I think one of the reasons I've allowed myself to be open to new challenges is based on knowing that my happy place is still there. Kailua hasn't changed much at all, every time I go back I confirm that. I think I've always assumed that if my life turned into a complete failure, if I lost all that I valued, if I had no friends and nothing left to care about, all I needed was a one way ticket home and the willingness to work enough to pay for food and shelter and my life would be just perfect. Ironically, I honestly believe I would prpobably be happier if I did that today, but I won't allow myself to take the easy way, to give up on myself just yet. I love my life so much here, I love what I've created and what I've stumbled into. I love my friends, I love my dog. I love my neighbors who are the modern, San Diego version of the Mortensens.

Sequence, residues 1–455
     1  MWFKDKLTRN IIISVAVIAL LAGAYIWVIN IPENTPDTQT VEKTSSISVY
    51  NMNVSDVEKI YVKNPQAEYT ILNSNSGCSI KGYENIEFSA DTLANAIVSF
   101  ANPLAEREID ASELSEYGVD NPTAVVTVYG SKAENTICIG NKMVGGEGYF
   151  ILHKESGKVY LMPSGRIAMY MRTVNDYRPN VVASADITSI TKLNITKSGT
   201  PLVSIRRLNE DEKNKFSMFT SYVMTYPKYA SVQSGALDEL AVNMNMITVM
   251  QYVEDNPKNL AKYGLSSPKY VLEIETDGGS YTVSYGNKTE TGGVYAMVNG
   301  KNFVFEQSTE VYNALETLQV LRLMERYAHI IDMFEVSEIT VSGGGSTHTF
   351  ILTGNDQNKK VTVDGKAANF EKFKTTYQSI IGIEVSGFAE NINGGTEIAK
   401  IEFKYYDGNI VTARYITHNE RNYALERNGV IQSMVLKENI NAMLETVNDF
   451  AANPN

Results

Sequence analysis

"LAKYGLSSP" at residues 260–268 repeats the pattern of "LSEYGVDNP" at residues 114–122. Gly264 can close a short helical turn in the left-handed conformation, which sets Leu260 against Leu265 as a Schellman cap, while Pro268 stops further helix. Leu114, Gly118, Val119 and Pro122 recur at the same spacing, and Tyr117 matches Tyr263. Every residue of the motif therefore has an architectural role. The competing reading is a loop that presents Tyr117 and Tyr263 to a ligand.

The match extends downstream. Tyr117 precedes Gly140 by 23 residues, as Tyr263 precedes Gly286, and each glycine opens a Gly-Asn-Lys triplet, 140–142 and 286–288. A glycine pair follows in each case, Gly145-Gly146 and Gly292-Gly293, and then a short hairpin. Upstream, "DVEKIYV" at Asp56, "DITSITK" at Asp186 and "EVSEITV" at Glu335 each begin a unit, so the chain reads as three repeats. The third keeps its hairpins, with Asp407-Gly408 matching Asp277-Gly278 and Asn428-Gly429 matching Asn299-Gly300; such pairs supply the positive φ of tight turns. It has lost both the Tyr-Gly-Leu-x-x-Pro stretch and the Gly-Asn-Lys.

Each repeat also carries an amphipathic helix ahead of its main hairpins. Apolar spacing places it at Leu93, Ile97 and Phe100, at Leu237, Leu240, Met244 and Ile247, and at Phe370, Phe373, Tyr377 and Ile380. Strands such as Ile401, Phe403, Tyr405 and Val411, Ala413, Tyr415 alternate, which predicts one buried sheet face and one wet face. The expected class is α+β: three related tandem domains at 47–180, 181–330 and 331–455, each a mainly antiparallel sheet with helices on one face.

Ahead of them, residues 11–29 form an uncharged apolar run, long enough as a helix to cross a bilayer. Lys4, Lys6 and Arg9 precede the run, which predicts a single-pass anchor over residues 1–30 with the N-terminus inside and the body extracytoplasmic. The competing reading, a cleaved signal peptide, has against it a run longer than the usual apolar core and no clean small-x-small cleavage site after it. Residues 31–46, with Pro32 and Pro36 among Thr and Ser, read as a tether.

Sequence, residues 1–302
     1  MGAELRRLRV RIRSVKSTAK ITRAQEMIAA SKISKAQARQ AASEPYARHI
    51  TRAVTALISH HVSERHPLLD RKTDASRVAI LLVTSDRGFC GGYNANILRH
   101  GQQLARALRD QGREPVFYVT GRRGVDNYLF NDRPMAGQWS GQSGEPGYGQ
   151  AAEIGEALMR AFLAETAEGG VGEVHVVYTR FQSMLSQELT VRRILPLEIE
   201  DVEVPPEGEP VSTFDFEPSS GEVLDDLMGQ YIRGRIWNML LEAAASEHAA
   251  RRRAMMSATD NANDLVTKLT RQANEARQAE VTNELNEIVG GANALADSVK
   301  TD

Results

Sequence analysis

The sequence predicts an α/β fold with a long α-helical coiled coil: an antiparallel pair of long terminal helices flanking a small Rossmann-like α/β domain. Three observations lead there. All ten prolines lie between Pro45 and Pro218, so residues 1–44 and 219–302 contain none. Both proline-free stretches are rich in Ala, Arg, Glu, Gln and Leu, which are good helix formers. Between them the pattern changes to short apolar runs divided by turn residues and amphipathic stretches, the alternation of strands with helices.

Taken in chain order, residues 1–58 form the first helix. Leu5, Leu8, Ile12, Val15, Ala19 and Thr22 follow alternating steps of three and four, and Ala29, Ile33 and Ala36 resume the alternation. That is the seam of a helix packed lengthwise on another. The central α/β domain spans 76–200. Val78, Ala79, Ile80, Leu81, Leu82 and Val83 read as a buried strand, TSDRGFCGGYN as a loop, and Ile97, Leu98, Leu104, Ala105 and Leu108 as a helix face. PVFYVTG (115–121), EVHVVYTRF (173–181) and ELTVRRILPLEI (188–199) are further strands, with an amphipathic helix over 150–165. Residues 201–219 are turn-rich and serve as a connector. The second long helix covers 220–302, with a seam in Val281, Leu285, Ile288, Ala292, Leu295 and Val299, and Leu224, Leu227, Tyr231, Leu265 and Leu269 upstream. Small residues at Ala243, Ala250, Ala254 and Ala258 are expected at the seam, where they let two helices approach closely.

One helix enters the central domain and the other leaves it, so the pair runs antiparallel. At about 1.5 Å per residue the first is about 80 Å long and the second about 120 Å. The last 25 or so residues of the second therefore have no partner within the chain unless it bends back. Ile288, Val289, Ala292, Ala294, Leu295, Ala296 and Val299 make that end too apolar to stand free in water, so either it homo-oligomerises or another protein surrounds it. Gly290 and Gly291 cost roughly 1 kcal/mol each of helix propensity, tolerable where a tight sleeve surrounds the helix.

So, for now, I keep stacking weight on myself, unsure if I can or will be able to shoulder the burden indefinitely, but aware that if I break, if I fall apart completely, I've always known exactly where to go. If that breaking point arrives, I know that happiness will be waiting for me on the other end. That belief alone carries me through so many of the challenges I seek. That belief allows me to reach past my own doubts and insecurities and attempt to cultivate proficiency. I know that I'll be able to retreat into the comfort of a known world if I fail, and that allows me to attempt to improve without worrying so much about the final outcome.